April 22, 2010
In “Thinking for Yourself”, Marlys Mayfield, defines a good argument as “an structure of claims supported through reasoning,facts, examples, and evidence. Moreover, all of these elements are made clear and explicit...[and]…designed to be persuasive.” (147) The 1994 Michael Fay caning controversy in Singapore sparked aheated debate in America, illustrated in the articles Singapore vs. San Francisco and It’s a Grand Old Flog, respectively in favor of and in opposition to the caning. By analyzing these two impassionarticles, we can explore what constitutes an effective argument.
It is worth first examining the logical underpinnings of It’s a Grand Old Flog and Singapore vs. San Francisco. The assumptionthat Singapore is a safer and cleaner society than the United States is included either explicitly or implicitly in each argument. Singapore vs. San Francisco completely hinges on this assumption andIt’s a Grand Old Flog generally doesn’t challenge it. The articles differ in how they attribute causality of Singapore is assumed superior safety and cleanliness. Singapore vs. San Francisco wants readersto believe a pseudo syllogism that goes something like this:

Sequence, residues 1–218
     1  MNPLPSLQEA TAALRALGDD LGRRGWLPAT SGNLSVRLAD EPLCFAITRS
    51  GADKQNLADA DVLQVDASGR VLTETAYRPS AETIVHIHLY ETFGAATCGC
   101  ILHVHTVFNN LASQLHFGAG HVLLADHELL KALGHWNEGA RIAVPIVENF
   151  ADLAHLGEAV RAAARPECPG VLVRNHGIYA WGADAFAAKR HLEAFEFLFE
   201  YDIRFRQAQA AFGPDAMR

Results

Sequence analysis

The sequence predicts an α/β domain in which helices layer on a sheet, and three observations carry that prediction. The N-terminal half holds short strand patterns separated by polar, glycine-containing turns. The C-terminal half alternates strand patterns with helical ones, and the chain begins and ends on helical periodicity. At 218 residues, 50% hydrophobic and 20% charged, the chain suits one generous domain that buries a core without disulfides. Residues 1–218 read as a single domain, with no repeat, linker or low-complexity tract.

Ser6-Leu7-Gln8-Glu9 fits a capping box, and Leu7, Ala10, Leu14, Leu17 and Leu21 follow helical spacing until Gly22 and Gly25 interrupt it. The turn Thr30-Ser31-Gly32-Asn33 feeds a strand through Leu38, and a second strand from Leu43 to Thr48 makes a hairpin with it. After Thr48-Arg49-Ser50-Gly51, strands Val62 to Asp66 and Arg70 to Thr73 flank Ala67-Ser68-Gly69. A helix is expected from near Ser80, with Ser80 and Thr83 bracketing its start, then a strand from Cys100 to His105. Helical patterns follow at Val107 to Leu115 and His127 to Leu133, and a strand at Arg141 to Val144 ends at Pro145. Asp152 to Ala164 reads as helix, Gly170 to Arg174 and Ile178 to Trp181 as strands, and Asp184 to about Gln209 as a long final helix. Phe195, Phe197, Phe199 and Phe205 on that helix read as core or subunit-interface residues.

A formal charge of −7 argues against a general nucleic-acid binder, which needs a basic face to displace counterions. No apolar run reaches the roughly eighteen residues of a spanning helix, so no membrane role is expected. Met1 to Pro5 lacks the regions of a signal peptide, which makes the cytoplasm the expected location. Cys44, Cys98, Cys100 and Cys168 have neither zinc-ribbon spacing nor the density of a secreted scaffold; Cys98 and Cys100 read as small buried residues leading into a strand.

1. In Singapore, vandals are punished with caning.
2. Singapore is safer and cleaner than San Francisco.3. Therefore, punishing vandals with caning makes Singapore a safer society than San Francisco.
By contrast, Stephanie Salter wants to cast doubt on the above chain of causality. She usesfacts such as that, “the population of the United Sates is much larger and more diverse than Singapore’s, which is 77 percent ethnic Chinese and 14 percent Muslim Malays.” (20), to imply an alternativepossible chain of causality without explicitly stating it, e.g.
1. Singapore is an ethnically and culturally homogenous society whereas the United States is highly diverse.